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Fauna monitoring often relies on visual monitoring techniques such as camera trapping , which have biases leading to underestimates of vertebrate species diversity. Environmental DNA (eDNA) metabarcoding has emerged as a new source of biodiversity data that may improve biomonitoring; however, eDNA-based assessments of species richness remain relatively untested in terrestrial environments. We investigated the suitability of fallen log hollow sediment as a source of vertebrate eDNA, across two sites in southwestern Australia-one with a Mediterranean climate and the other semi-arid. We compared two different approaches (camera trapping and eDNA meta-barcoding) for monitoring of vertebrate species, and investigated the effect of other factors (frequency of species, timing of visits, frequency of sampling, and body size) on vertebrate species detectability. Metabarcoding of hollow sediments resulted in the detection of higher species richness in comparison (29 taxa: six birds, three reptiles , and 20 mammals) to metabarcoding of soil at the entrance of the hollow (13 taxa: three birds, two reptiles, and eight mammals). We detected 31 taxa in total with eDNA metabarcoding and 47 with camera traps, with 14 taxa detected by both (12 mammals and two birds). By comparing camera trap data with eDNA read abundance, we were able to detect vertebrates through eDNA metabarcoding that had visited the area up to two months prior to sample collection. Larger animals were more likely to be detected, and so were vertebrates that were identified multiple times in the camera traps. These findings demonstrate the importance of substrate selection, frequency of sampling, and animal size, on eDNA-based monitoring. Future eDNA experimental design should consider all these factors as they affect detection of target taxa.
... We also calculated the Relative abundance Indices (RAI) for humans per site as covariates. RAI was calculated as RAI = E/TNx100, where E is the number of events (photo-captures), and TN is the total number of trap nights [52]. We used the RAI of a hyena (i.e., detection rate) per camera trap station as a response variable, while landscape and anthropogenic variables as a predictor variable. ...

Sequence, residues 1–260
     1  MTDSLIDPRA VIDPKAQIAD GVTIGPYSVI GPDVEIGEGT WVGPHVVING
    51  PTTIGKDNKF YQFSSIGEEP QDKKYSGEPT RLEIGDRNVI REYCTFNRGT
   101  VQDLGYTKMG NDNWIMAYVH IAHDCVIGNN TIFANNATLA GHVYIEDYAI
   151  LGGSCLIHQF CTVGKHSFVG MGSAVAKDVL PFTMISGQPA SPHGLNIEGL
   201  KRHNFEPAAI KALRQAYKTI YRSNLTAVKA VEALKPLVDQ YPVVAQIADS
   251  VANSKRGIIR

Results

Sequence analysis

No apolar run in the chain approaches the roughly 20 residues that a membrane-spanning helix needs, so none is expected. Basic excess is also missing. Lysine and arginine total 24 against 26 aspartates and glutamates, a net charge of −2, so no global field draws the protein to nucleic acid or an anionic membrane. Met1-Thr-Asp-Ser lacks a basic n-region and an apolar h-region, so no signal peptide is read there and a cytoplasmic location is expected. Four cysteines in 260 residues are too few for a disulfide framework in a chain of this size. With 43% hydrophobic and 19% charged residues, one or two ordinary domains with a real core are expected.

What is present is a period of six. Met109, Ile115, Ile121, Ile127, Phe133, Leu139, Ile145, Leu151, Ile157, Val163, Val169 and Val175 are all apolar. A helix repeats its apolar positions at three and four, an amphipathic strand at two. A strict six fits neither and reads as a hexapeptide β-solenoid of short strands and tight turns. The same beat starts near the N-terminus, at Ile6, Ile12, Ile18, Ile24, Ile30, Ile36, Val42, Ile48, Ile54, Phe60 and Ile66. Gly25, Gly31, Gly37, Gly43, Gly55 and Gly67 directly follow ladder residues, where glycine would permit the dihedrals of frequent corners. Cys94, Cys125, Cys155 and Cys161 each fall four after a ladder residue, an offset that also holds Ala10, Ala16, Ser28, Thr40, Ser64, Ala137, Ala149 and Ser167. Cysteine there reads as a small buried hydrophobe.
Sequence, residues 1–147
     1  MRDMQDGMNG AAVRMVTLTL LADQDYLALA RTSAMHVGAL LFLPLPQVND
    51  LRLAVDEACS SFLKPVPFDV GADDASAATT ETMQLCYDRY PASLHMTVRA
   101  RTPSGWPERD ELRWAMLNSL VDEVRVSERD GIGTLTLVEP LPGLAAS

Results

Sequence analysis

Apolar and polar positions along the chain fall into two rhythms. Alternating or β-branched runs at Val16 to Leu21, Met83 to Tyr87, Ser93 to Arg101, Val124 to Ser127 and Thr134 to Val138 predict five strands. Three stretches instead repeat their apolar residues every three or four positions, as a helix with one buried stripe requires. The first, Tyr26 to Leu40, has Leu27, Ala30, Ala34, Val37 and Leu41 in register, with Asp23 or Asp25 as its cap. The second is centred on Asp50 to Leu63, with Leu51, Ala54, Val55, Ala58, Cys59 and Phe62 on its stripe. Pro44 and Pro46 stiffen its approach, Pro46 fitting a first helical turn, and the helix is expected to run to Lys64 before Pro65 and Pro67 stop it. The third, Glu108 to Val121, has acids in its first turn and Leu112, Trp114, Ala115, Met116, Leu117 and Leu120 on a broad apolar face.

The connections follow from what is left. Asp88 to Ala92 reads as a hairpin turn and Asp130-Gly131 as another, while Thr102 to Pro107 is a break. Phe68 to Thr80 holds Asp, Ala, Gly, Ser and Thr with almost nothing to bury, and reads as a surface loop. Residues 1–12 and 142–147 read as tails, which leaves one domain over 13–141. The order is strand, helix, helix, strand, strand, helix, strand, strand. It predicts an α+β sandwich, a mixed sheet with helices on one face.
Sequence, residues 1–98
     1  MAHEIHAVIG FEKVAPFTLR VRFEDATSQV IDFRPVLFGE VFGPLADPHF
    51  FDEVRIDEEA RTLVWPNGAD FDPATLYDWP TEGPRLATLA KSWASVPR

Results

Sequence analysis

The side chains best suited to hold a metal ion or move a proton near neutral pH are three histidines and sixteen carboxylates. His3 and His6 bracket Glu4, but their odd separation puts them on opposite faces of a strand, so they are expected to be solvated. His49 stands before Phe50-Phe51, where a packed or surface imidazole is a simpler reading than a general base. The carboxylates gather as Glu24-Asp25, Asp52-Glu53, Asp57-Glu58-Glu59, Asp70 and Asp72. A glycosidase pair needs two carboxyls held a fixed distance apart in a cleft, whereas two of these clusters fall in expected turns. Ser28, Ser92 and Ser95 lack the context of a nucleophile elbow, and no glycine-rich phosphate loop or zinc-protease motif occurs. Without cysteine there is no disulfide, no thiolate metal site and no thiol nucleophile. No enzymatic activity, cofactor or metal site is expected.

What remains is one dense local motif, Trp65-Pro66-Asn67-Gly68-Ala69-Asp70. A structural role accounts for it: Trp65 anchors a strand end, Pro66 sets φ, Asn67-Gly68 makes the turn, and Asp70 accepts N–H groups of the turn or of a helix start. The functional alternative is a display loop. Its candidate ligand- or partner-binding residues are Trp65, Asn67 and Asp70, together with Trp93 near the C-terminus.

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Understanding the mechanism of coexistence, where carnivores adapt to humans and vice versa in the shared landscape, is a key determinant of long-term carnivore conservation but is yet to be comprehensively examined. We explored the coexistence mechanism of striped hyena (Hyaena hyaena) and humans in the shared landscape of Sawai Mansingh Wildlife Sanctuary (SMS WLS), Rajasthan, from November 2019 to March 2021. We used data derived from motion sensors-based surveys, satellite remote sensing images, and household questionnaires to understand socio-ecological, environmental and anthropogenic factors facilitating hyena persistence in the shared landscape. The high density (12 individuals/ 100 km 2) striped hyena in the landscape revealed the coexistence with humans. Being scavengers , they get subsidised food sources and are perceived as low-risk species by humans. Striped hyena minimised temporal activity during the daytime when human activity peaked. However, the highest activity overlap was observed in the agricultural area (Δ1 = 0.39), and likely depicts the high activity due to agricultural practices. While the human settlement was positively associated with the detection of hyenas, the probability of striped hyena captures increased with decreasing distance from human settlement, possibly influenced by high carcass availability, providing the easiest food resources to striped hyena, and allowing them to coexist with humans. This study demonstrates the coexistence of hyenas and humans in the shared landscape supported by mutual benefits, where hyenas benefit from anthropo-genic food from scavenging, while humans benefit from waste removal and the non-lethal nature hyenas.
... (R Core Team, 2020). We calculated the Relative Abundance Index (RAIs) for all identified meso-mammals as the number of videos obtained for each species, divided by the overall number of camera days (Rovero et al., 2010;Palmer et al., 2018). We excluded multiple capture events of the same species on the same camera day from analyses. ...
Article
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Vast stretches of East and Southern Africa are characterized by a mosaic of deciduous woodlands and evergreen riparian forests, commonly referred to as “miombo,” hosting a high diversity of plant and animal life. However, very little is known about the communities of small-sized mammals inhabiting this heterogeneous biome. We here document the diversity and abundance of 0.5–15 kg sized mammals (“meso-mammals”) in a relatively undisturbed miombo mosaic in western Tanzania, using 42 camera traps deployed over a 3 year-period. Despite a relatively low diversity of meso-mammal species (n = 19), these comprised a mixture of savanna and forest species, with the latter by far the most abundant. Our results show that densely forested sites are more intensely utilized than deciduous woodlands, suggesting riparian forest within the miombo matrix might be of key importance to meso-mammal populations. Some species were captured significantly more often in proximity to (and sometimes feeding on) termite mounds (genus Macrotermes), as they are a crucial food resource. There was some evidence of temporal partitioning in activity patterns, suggesting hetero-specific avoidance to reduce foraging competition. We compare our findings to those of other miombo sites in south-central Africa.